Unique in its approach, Models of Network Reliability: Analysis, Combinatorics, and Monte Carlo provides a brief introduction to Monte Carlo methods along with a concise exposition of reliability theory ideas. From there, the text investigates a collection of principal network reliability models, such as terminal connectivity for networks with unreliable edges and/or nodes, network lifetime distribution in the process of its destruction, network stationary behavior for renewable components, importance measures of network elements, reliability gradient, and network optimal reliability synthesis. Solutions to most principal network reliability problems--including medium sized computer networks--are presented in the form of efficient Monte Carlo algorithms and illustrated with numerical examples and tables. Written by reliability experts with significant teaching experience, this reader-friendly text is an excellent resource for software engineering, operations research, industrial engineering, and reliability engineering students, researchers, and engineers. Stressing intuitive explanations and providing detailed proofs of difficult statements, this self-contained resource includes a wealth of end-of-chapter exercises, numerical examples, tables, and offers a solutions manual--making it ideal for self-study and practical use.
Ilya B. Gertsbakh
, Yoseph Shpungin
CRC Press Inc
Country of Publication:
22 December 2009
Preface Notation and Abbreviations What is Monte Carlo Method? Area Estimation Optimal Location of Components Reliability of a Binary System Statistics: a Short Reminder What is Network Reliability? Introduction Spanning Trees and Kruskal's Algorithm Introduction to Network Reliability Multistate Networks Network Reliability Bounds Exponentially Distributed Lifetime Characteristic Property of the Exponential Distribution Exponential Jump Process Examples Static and Dynamic Reliability System Description. Static Reliability Dynamic Reliability Stationary Availability Burtin-Pittel Formula Pivotal Formula. Reliability Gradient Reliability Gradient Definition of Border States Gradient and Border States Order Statistics and D-spectrum Reminder of Basics in Order Statistics Min-Max Calculus Destruction Spectrum (D-spectrum) Number of Minimal size Min-Cuts Monte Carlo of Convolutions CMC for Calculating Convolutions Analytic Approach Conditional Densities and Modified Algorithm Generating Bm(T) How Large is Variance Reduction Comparing to the CMC? Importance Sampling in Monte Carlo Network Destruction Introduction Estimation of FN(t) = P( * t) Unreliable Nodes Identically Distributed Edge Lifetimes Examples of Using D-spectra Lomonosov's Turnip Introduction The Turnip Applications of Turnip Unreliable Nodes Importance Measures and Spectrum Introduction: Birnbaum Importance Measure Cumulative Spectrum BIM and the Cumulative C*-spectrum BIM and the Invariance Property Examples Optimal Network Synthesis Introduction to Network Synthesis Asymptotic Synthesis Synthesis Based on Importance Measures Dynamic Networks Introduction: Network Exit Time Bounds on the Network Exit Time Examples of Network Reliability Colbourn & Harms' Ladder Network Integrated Communication Network (ICN) Appendix A: O(*) and o(*) symbols Appendix B: Convolution of exponentials Appendix C: Glossary of D-spectra References Index Each chapter includes problems and exercises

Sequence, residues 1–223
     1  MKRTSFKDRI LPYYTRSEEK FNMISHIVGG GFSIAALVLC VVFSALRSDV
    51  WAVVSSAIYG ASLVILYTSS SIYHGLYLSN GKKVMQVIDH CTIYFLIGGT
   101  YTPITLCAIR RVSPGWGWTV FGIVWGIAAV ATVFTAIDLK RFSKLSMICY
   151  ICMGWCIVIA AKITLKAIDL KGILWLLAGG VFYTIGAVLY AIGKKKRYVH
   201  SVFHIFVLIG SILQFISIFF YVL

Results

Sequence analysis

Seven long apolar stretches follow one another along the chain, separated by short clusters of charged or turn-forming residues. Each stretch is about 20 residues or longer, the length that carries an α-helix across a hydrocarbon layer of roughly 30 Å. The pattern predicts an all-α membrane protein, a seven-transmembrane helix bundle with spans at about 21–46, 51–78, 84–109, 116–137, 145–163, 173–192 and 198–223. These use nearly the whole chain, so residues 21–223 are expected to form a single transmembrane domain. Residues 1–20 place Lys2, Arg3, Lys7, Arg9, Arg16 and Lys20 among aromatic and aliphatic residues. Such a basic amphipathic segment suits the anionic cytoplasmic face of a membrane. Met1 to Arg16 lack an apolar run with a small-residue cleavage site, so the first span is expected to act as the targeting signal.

Ilya B. Gertsbakh, Professor Emeritus, Department of Mathematics, Ben Gurion University, Beer Sheva, Israel. Dr. Gertsbakh has authored more than 70 research papers and six books. He has taught courses in Probability, Statistics, Reliability Theory, and Operations Research. His research interests include Reliability Theory, Probabilistic Methods in Operations Research, and Monte Carlo Methods. Yoseph Shpungin, Department Head, Software Engineering Department, Shamoon College of Engineering, Beer Sheva, Israel. Throughout his career, Dr. Shpungin has gained extensive experience in both practical and theoretical operations research and software engineering issues. He has taught courses in Probability, Statistics, Reliability, Algorithms, Databases, and Programming Languages. His field of research is Reliability Theory and Monte Carlo Methods, in which he has authored one book and many publications in international scientific journals and in the proceedings of international conferences.
Reviews for Models of Network Reliability: Analysis, Combinatorics, and Monte Carlo
The 13 chapters and three appendixes make the material accessible to readers with a basic background in reliability. ... Formal proofs are minimally presented, the methods are widely supported by examples and exercises, and guidelines for developing computer programs are provided. -Ron S. Kenett, KPA, Raanana, Israel, in Quality Progress ... a concise and compact book on the subject of how to compute k-terminal reliability of a given communication network, where the edges or links can fail. ... To make a beginner understand the subject matter, the treatment in a chapter starts with examples and leads a reader to the definitions and theorems that are incidental to the explanation of an approach. ... helps in understanding the intricacies involved in the problem of computing network reliability. The concept of spanning trees is used to ensure connectivity of nodes of interest. Other measures of interest in reliability of networks such as component criticality and Birnbaum Importance are also discussed ... students and teachers pursuing reliability of communication reliability will find this book of interest. ...very useful for reliability engineers and those dealing with design of communication networks ... . -Krishna B. Misra, in Performability Engineering, May 2011, Vol. 7, No. 3